8/21/83 means ‘no’ to FM hero’s burial
The murder of a political opponent, regardless of the mastermind, is one compelling reason why Ferdinand Marcos (FM) should not be buried at the Libingan ng mga Bayani. It was during his watch that the murder of Benigno “Ninoy” Aquino Jr. took place, and command responsibility makes him at least an accessory. There were convictions of and sentences served by certain persons, but they could not have been motivated to kill except through an order from someone likely to remain unnamed forever. It was deemed that only Marcos or the people around him would benefit from Ninoy’s death.
The day of Ninoy’s killing, Aug. 21, 1983, was a turning point: Filipinos awakened and finally realized that one-man rule will never serve the common good. At Ninoy’s wake and funeral, the people came out in the millions to express indignation with solemnity and respect. It was an unprecedented funeral, comparable to those of Mahatma Gandhi and John F. Kennedy.
The end to Marcos’ rule began. The early “benefits” of martial law—when the people believed that political and social stability were being provided—turned illusory because these happened at the cost of the killing and disappearance of persons resisting it. Freedom was too much a price to pay for the illusion of effective governance.
The insistence of the Marcos family to bury FM in the Libingan ng mga Bayani is but part of a script to rewrite contemporary Philippine history. That script sets aside the lives offered by thousands for the cause of freedom; it may be deemed an attempt to murder Ninoy a second time. And perhaps, the millions who stepped forward the first time, and mobilizing likewise for the funeral of Ninoy’s widow, Cory (the first widow to beat a Ferdinand Marcos in an election), may again not be cowed and show up to raise a collective “no” to the planned hero’s burial. The Marcos sense of entitlement to reinforce the myth of his heroism cannot, should not, be reinforced.
Some may disagree with Ninoy over his politics, his public service, or with his beliefs. But his courage to leave his relative comfort in exile to face imminent death, like many others who resisted Marcos’ martial rule, is undeniable.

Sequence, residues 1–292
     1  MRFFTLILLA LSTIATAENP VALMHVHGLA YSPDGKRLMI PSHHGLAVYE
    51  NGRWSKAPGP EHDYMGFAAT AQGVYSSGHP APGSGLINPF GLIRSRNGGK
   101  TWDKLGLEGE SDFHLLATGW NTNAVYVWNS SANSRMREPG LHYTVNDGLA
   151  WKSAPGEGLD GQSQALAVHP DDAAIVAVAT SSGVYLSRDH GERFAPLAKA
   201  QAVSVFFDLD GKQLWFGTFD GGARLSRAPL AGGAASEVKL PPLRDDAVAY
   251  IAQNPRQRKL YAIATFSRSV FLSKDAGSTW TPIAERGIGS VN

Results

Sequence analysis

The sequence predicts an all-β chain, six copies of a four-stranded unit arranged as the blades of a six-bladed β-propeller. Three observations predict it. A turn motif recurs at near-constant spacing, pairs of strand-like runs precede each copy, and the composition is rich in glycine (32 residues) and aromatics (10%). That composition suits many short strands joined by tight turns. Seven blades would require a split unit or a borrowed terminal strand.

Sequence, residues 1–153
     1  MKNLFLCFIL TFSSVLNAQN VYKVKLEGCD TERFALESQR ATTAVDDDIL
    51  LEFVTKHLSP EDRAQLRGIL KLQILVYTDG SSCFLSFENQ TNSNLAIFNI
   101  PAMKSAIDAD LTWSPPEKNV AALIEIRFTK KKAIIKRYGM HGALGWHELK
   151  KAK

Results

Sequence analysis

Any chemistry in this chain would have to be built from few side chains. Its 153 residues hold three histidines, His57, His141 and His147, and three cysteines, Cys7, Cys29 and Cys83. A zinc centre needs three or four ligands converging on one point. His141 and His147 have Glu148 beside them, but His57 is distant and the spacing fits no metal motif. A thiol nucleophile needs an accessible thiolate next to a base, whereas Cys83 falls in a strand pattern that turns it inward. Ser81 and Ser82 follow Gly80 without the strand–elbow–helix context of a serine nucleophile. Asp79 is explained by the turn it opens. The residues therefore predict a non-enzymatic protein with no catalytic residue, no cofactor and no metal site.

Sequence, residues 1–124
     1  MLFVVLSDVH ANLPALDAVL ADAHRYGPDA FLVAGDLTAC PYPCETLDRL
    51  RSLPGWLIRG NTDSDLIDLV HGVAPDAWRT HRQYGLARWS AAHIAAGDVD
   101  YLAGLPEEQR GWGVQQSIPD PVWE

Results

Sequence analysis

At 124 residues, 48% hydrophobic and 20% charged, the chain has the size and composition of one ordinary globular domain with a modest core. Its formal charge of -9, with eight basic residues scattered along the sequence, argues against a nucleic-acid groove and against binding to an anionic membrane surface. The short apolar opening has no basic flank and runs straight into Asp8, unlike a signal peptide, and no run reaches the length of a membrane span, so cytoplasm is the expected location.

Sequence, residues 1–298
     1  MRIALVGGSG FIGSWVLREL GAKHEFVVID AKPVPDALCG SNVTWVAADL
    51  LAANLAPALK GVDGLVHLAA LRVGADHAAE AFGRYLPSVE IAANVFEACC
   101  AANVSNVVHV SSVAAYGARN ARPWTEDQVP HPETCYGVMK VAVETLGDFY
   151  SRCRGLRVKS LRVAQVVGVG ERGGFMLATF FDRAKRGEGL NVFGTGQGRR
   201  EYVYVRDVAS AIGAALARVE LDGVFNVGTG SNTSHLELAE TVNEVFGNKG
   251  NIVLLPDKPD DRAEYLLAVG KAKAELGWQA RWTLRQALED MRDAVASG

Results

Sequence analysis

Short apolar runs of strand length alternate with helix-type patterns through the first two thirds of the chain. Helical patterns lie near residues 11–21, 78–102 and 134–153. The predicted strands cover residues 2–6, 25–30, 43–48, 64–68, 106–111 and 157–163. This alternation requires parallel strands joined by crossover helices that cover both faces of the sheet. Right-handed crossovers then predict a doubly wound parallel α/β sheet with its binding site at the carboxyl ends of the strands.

Ninoy chose to take that risk to convince FM to pave the way for a peaceful transition from his 18-year hold on the presidency, which should have ended in 1973 but was extended by his imposition of martial law on Sept. 21, 1972.
There can be millions still supportive of FM given the 14,155,344 votes that his son and namesake received last May 9, Election Day, for the vice presidency. But Leni Robredo garnered 14,418,817 votes to become the elected vice president. Though the vote is now under protest, Robredo is the Philippines’ VP, and not the dictator’s son.
A hero’s burial for FM, like the historic spontaneous expression of gratitude and love in the funerals of Ninoy and Cory, can happen in Batac, Ilocos Norte. Insisting on burying his remains in the Libingan ng mga Bayani might just reignite a firestorm, like the one that led to Edsa I, the People Power revolution in 1986. Those who stepped forward and decided in 1986 that freedom for all is worth fighting for may find a symbolic call to a peaceful protest action again on the day of the planned burial. The unilateral decision of President Duterte to allow the FM burial can be opposed. It may be an unnecessary and untimely “referendum” on the use of whatever political capital he holds.